From empire to democracy: Effects of social progress on turkish writers

GÜnseli Oral, James C. Kaufman, Janel D. Sexton

Research output: Contribution to journalArticlepeer-review

3 Scopus citations


What is the effect of a society’s culture on the creative writers living there? Few cultures have had such a event as Ataturk’s 1920 revolution that changed Turkey from a monarchy ruled by sultans into a republic. How would such a dramatic shift in a country’s history be reflected in the accomplishments and characteristics of its writers? In this study, the authors investigated 948 eminent Turkish writers. Variables of gender, era, type of writing, education level, profession, and winning an award were all analyzed. The type of writing (fiction, poetry, plays, or nonfiction) and the era in which the writing was produced were both predictive of whether an author won a literary award. Before 1920, fiction writers received more awards than poets; after 1920, poets received more awards. In addition, professional writers were more likely to win awards than were professional politicians. Reasons for these findings are discussed with an emphasis on cultural and historical influences.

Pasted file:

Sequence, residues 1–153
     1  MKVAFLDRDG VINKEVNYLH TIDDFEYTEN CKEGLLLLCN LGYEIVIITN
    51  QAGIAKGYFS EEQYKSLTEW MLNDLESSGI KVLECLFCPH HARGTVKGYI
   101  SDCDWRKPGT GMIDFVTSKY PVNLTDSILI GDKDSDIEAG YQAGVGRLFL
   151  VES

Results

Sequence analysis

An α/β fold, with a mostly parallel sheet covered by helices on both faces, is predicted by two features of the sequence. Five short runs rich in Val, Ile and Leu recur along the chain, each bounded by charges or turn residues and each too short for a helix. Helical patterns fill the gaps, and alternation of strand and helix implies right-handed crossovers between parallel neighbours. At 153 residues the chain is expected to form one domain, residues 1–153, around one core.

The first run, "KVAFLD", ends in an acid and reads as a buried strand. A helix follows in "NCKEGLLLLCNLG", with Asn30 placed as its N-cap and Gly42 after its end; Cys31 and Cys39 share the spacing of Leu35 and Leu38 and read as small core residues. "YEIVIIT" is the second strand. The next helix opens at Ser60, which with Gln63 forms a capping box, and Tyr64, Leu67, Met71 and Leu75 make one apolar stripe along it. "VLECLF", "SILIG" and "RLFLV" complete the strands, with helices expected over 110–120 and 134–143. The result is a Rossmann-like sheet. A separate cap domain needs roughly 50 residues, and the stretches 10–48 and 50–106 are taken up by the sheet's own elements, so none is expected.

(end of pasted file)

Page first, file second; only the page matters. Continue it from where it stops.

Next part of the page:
Original languageEnglish (US)
Pages (from-to)223-232
Number of pages10
JournalJournal of Psychology: Interdisciplinary and Applied
Issue number3
StatePublished - Jan 1 2004
Externally publishedYes


  • Creative writers
  • Creativity
  • Cross-cultural
  • Turkey

ASJC Scopus subject areas

  • Business, Management and Accounting (miscellaneous)
  • Education
  • General Psychology


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